A report published by the “Pacific Institute for Climate Solutions” entitled “Industry and Market Development of Biochar in B.C.” showed that substituting coal and natural gas with biochar could help the province reach its 33 per cent emission reduction goal by 2020.
This report published in February of 2014 is one of the few recent articles that looks into the economic limitations of producing bioenergy products that can compete with conventional fuels. For example, the lowest-cost feedstocks (about $20 per tonne) are mill residues which account for about 20 per cent of harvested round wood.
Most of this product is now being used by existing facilities close to the mills. The cogeneration plant and pellet plant are two good examples in Williams Lake.
The more expensive biomass products are primarily forestry residues from logging operations, commonly called slash piles. They are mainly burned on site at a cost to both the industry and air quality. Therefore, using cull piles to produce biochar offers an environmental positive and possibly economic returns in some locations.
Table four in the report shows an estimate of 8.7 million tonnes per year based on 16 per cent of round wood production at a cost estimate of $30 to $55 oven dry tones based on grinding and transportation.
As discussed in previous articles, 16 per cent may be a conservative estimate for the province because other studies show that for the interior dead pine stands the estimate is closer to 35 per cent with ranges between 15 as a low and over 55 per cent on some blocks.
The authors used an average of 10 million tonnes per year and estimated the production of five million tonnes per year of biochar, condensable oils and tars.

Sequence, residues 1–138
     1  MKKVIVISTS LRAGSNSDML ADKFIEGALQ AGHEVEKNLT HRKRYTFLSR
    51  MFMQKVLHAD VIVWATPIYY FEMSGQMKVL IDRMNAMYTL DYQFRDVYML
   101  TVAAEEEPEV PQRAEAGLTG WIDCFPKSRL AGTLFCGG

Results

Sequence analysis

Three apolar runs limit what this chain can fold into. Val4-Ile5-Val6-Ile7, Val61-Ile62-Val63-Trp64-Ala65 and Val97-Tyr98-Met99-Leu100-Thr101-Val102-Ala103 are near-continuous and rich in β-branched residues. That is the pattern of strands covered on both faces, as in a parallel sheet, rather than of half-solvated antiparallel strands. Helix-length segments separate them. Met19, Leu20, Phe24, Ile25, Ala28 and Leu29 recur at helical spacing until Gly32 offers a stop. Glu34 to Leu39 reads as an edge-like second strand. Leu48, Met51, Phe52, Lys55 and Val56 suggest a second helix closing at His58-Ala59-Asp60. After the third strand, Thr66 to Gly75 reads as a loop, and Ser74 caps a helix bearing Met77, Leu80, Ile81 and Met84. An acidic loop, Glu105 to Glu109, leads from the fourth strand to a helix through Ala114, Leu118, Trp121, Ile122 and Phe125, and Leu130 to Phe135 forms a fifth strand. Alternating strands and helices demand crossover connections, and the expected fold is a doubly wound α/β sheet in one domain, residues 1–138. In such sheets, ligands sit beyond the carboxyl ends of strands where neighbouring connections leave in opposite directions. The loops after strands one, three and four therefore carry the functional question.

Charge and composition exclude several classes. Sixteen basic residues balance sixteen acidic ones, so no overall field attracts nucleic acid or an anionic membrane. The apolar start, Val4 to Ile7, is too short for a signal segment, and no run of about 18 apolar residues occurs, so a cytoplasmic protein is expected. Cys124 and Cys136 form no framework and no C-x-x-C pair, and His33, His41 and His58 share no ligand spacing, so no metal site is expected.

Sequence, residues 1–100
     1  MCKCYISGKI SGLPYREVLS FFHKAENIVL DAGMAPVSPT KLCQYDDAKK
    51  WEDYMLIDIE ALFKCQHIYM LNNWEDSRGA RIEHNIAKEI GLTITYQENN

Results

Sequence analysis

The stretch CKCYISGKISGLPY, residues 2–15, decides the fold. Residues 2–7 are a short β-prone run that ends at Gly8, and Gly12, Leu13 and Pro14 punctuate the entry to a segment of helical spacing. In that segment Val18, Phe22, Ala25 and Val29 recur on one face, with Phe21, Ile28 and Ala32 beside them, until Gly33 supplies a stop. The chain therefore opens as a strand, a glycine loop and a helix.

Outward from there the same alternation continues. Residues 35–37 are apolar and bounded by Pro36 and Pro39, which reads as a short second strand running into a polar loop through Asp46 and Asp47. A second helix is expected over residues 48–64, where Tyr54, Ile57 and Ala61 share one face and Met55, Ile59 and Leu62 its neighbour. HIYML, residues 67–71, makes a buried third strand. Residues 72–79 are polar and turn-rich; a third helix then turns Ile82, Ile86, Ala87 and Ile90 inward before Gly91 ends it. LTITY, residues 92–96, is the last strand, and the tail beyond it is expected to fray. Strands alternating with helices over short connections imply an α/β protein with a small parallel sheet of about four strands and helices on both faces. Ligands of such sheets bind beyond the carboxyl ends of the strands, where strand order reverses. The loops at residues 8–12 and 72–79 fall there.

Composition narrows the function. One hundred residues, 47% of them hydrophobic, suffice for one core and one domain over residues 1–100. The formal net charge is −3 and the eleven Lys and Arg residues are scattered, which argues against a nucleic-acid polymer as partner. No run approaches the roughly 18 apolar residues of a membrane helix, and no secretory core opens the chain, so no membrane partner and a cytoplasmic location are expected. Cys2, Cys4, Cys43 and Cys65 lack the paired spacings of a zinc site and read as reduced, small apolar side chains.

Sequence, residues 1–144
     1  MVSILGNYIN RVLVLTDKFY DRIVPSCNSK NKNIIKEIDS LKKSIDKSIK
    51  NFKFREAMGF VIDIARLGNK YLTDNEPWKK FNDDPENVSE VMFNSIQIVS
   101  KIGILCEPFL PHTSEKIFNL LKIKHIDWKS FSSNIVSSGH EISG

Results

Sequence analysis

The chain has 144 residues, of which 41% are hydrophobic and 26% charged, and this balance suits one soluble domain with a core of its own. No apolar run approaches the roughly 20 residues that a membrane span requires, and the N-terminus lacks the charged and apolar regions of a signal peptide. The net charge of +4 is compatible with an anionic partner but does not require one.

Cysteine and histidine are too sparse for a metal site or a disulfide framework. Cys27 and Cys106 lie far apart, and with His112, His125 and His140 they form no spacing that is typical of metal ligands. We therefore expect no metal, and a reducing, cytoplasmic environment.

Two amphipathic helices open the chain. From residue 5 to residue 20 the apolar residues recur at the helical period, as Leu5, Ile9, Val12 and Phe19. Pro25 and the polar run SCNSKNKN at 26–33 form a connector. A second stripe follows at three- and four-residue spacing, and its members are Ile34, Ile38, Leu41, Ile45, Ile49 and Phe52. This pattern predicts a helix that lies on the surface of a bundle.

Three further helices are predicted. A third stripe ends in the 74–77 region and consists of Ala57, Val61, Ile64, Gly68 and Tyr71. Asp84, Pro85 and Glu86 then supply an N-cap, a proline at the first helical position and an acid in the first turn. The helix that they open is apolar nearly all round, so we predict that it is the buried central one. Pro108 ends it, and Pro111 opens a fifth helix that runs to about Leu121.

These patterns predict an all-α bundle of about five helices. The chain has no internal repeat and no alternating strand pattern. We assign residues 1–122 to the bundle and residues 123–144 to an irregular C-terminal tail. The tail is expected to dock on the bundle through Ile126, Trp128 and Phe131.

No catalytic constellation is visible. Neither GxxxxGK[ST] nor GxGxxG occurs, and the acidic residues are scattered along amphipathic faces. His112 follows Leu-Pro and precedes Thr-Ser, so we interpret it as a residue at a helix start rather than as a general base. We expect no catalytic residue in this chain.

These products would more than replace the coal used (270 per cent) in the production of industrial steam and the manufacture of cement. This switch would cut the CO2 emissions in half in this specific example.
There are presently 12 B.C.-based companies producing or planning to manufacture biochar or related products such as biocoal.
The paper describes a number of char products produced from biological resources.
Other products are charcoal, biocoal, and charcoal. Some of the more exotic products include synthetic graphite which includes carbon electrodes selling at $1,500 to $5,000 per tonne.
Table two shows how the per cent production of three products (biochar, syngas and pyrolysis oil) is controlled by the temperature of the heating process and the time that the biomass is exposed to the heating.
It is therefore critical to identify the potential markets and then design a plant which will produce the greatest amount off products to meet the demand.
Figure three shows the potential revenue and greenhouse gas emission reduction for a variety of biomass uses. Electrical generation has medium revenue but low emission reduction because most of our existing electrical power is hydroelectric. Liquid fuels and biorefinery products have higher value than pellets, co-generation and heat value and all of the above are in the medium range of emission reduction.
Biochar production has the widest range in both potential revenue and emission reduction of any other products.
Before any meaningful planning can take place a more accurate description of the raw materials is needed.
For example, cull piles are deliberately created to achieve easy and efficient burning of the logging residual material.
The mixture of cull logs, tops and branches is piled so that rapid ignition and complete combustion will take place.
The existing cull piles are not useful for other potential uses (local fire wood, posts and rails etc.)or bioenergy uses. We should therefore look into the pros and cons of sorting and storing the various products in the field for future potential use.
For example prospective enterprises may be interested in the chipping of tops and branches while others would be more interested in the log component. I am told that when chip prices were higher the cull logs were separated on the landings so they could be easily chipped and loaded on chip trucks.
In future articles we will look at some government options that could encourage the establishment of business in some specific areas.
Jim Hilton is a professional agrologist and forester who has lived and worked in the Cariboo Chilcotin for the past 40 years. Now retired, Hilton still volunteers his skills with local community forests organizations.